Southern Writer in Residence at the University of Mississippi. Tom Franklin,
current Grisham Writer in Residence, and seven of the eight former holders of
the visiting position will participate in the conference: Tim Gautreaux, Mary
Hood, Randall Kenan, Mark Richard, Darcey Steinke, Claude Wilkinson, and Steve
Yarbrough. The gathering will celebrate the University’s new Master of Fine
Arts Program in Creative Writing.
The conference will celebrate American Poetry
Month with readings by poets Beth Ann Fennelly, Natasha Tretheway, and William
Trowbridge. The Young Authors Fair, sponsored in collaboration with the Junior
Auxiliary of Oxford, will bring an outstanding children’s author to local schools
and to the conference.
The conference is open to the public without
charge. To assure seating space, those interested in attending should preregister.
Reservations and advanced payment are required for four optional events honoring
conference speakers: a cocktail buffet on Thursday at Isom Place ($50 per person),
a cocktail party on Friday at Off Square Books ($25 per person), a country dinner
on Saturday at Taylor Catfish ($25 per person), and a lunch on Sunday ($15 per
person). All proceeds for the cocktail buffet on Thursday and the cocktail party
on Friday will go toward supporting the conference and are tax deductible. Participants
are invited to make additional tax- deductible contributions to help support
A Multitude of Sins: Stories
Stories by Richard Ford
Knopf (Hardcover, $25.00, ISBN: 0375412123)
Publication date: February 2002
Description from Booklist:
Ford’s novel Independence Day (1995) won both the Pulitzer Prize
and the PEN/Faulkner Award. Here, in 10 short stories, he meticulously
explores love and intimacy, particularly the way people often fail to
meet the challenges of truly connecting with their partners; 7 out of
the 10 stories deal with infidelity.
Yet even in the passionate liaisons forged outside of marriage, regret
is a common theme. In the powerful “Abyss,” Residential Agent of the
Year Frances Bilandic, married to a man suffering from a terminal degenerative
disease, enters a tumultuous affair with fellow realtor Howard Cameron.
Her impulsive decision to ditch a seminar and take a side trip to see
the Grand Canyon has unforeseen consequences: “What had been wrong with
her? He wasn’t interesting or witty or nice or deep or pretty. And up
here, where everything was natural and clean and pristine, you saw it.”
Even in the beautifully written “Dominion,” what passes for optimism
in a Ford short story is the realization by a woman on the brink of
divorce that “life shouldn’t be always trying, trying, trying. You should
live most of it without trying so hard.” This is grim, unsettling fiction
that radiates emotional pain from every precisely written line.
Conversations with Richard Ford Edited by Huey Guagliardo
University Press of Mississippi (Hardcover, $46.00, ISBN: 1578064058;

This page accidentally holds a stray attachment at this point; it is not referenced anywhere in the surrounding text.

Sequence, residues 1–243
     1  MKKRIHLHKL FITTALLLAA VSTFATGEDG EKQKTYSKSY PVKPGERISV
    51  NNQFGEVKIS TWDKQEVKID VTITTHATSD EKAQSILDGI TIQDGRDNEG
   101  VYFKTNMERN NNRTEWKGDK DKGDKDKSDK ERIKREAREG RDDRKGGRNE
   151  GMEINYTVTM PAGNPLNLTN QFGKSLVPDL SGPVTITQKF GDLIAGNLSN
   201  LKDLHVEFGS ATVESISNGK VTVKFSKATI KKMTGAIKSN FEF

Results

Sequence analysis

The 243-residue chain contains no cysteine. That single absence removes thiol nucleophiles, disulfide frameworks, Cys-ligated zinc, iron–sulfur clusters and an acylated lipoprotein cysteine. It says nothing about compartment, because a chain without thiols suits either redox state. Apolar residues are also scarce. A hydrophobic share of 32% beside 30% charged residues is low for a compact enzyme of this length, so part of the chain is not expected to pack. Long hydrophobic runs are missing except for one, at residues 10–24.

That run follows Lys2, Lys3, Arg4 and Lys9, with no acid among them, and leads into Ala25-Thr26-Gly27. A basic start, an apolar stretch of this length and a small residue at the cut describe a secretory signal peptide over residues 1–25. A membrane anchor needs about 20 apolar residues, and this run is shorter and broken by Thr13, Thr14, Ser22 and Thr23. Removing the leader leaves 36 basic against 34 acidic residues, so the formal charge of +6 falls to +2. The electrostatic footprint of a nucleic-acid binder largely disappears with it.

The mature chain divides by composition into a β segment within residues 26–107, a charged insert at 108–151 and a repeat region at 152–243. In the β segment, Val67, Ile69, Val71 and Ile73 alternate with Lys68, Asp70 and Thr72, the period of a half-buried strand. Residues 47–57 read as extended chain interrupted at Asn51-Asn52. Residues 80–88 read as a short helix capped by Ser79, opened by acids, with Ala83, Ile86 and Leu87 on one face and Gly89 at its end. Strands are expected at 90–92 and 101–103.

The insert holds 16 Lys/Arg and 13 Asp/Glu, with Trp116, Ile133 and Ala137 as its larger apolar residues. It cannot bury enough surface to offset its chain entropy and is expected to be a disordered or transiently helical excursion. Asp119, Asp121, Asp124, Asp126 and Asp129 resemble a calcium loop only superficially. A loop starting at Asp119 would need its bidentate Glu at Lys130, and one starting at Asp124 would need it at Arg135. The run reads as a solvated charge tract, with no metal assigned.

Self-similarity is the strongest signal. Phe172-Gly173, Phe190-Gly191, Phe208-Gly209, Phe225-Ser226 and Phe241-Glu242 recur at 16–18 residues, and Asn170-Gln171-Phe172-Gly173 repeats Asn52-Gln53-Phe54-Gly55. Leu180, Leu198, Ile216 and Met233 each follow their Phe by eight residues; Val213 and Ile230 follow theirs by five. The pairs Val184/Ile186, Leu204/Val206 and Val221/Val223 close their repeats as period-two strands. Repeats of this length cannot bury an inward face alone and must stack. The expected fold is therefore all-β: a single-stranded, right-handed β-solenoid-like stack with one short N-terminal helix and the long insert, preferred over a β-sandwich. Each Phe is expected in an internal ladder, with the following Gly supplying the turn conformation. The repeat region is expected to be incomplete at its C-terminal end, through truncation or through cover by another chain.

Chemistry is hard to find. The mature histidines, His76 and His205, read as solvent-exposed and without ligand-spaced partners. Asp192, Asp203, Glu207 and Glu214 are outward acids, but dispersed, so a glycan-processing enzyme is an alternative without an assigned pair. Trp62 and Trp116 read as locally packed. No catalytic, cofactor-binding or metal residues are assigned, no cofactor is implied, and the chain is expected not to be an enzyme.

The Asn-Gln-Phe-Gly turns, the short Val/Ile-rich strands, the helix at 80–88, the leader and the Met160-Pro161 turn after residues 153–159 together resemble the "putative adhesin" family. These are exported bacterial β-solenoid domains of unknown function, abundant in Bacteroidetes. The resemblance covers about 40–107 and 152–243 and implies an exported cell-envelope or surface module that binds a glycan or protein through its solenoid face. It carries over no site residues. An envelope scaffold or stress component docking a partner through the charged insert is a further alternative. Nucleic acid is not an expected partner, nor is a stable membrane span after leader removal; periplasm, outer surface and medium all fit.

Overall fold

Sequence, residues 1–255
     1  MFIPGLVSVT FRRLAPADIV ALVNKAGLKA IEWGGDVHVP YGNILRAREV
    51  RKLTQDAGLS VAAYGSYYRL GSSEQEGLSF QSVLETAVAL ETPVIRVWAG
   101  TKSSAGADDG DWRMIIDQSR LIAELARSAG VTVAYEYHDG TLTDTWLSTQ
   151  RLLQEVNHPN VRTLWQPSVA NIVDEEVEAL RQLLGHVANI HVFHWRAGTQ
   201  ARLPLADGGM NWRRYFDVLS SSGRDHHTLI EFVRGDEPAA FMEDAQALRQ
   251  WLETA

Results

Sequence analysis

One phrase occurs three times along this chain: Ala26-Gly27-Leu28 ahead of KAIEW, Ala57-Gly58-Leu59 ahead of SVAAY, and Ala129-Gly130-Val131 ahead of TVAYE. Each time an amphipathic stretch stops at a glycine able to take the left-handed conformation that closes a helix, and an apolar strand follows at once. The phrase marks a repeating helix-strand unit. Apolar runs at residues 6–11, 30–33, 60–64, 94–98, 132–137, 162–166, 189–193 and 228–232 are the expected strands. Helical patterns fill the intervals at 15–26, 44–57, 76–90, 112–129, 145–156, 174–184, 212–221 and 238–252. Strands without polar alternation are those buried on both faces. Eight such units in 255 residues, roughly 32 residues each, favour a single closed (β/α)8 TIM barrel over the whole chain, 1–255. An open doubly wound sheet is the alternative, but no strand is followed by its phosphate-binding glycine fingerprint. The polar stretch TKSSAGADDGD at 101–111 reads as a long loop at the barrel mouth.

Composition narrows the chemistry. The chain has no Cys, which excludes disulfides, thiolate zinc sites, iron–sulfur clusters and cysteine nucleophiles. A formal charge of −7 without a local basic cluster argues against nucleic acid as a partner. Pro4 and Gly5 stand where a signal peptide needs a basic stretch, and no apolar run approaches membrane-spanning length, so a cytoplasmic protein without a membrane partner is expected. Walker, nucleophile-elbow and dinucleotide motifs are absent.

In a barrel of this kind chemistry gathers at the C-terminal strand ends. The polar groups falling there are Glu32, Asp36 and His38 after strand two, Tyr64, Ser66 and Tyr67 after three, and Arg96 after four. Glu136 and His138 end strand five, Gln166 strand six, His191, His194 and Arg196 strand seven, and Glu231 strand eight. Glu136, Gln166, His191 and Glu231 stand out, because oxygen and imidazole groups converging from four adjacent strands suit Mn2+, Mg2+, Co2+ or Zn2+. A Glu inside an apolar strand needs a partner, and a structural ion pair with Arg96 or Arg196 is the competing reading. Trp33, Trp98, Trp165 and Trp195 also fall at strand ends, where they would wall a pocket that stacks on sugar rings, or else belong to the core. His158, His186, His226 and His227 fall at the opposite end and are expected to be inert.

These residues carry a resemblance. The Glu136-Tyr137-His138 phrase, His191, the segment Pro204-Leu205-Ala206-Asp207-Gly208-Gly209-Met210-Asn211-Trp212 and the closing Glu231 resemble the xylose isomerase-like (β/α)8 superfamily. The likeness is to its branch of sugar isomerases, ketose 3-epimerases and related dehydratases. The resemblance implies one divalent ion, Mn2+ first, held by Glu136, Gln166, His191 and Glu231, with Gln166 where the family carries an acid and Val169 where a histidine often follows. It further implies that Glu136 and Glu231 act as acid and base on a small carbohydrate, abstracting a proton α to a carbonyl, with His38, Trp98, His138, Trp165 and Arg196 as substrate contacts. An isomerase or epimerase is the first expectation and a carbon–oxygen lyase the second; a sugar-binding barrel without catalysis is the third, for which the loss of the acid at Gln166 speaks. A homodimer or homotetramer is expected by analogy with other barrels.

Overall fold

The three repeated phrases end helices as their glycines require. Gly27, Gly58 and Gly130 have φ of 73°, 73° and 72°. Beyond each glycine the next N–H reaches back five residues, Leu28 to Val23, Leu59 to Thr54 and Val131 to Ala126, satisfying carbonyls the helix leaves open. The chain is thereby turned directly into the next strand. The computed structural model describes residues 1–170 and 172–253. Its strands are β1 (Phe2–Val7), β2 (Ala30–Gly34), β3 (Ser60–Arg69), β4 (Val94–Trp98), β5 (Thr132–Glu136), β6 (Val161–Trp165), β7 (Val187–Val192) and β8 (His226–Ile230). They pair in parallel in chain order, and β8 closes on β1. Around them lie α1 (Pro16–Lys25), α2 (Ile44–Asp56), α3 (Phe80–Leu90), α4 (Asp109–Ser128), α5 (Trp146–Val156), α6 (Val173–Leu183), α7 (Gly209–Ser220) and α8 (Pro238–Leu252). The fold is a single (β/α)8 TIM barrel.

Paperback, $18.00, ISBN: 1578064066)
Publication date: November 2001
Description from the publisher:
“If loneliness is the disease, the story is the cure.”
Pulitzer Prize-winning author Richard Ford is a leading figure among
American writers of the post-World War II generation. His novel The
Sportswriter (1986), along with its sequel Independence Day
(1995) — the first novel to win both the Pulitzer Prize and the PEN/Faulkner
Award in the same year — made Frank Bascombe, Ford’s suburban Everyman,
as much a part of the American literary landscape as John Updike’s Rabbit
Angstrom. With three other novels, a critically acclaimed volume of
short stories, and a trilogy of novellas to his credit, Ford’s reputation
and his place in the canon is certainly secure.
In Conversations with Richard Ford, the first collection of
this author’s interviews and profiles, editor Huey Guagliardo has gathered
together twenty-eight revealing conversations spanning a quarter of
These show that Ford is a writer of paradoxes. He was born in the South,
but unlike many southern-born writers of his generation he eschews writing
set in just one region. When his first novel, A Piece of My Heart
(1976), was so often compared to William Faulkner’s work, Ford disdained
setting another novel in his native South.
A recurring question that Ford addresses in these interviews is his
view of the role of place in both his fiction and his life. “I need
to be certain that I have a new stimulus,” he says, explaining his traveling
lifestyle. Not wishing to be confined by place in his writing any more
than in his own life, Ford rejects the narrow concerns of regionalism,
serving notice in several interviews that he is interested in exploring
the entire country, that his goal is “to write a literature that is
good enough for America.”
Ford also discusses the broader themes of his work, such as the struggle
to overcome loneliness, the consoling potential of language, and the
redeeming quality of human affection. This American writer talks extensively
about his abiding devotion to language and of his profound belief in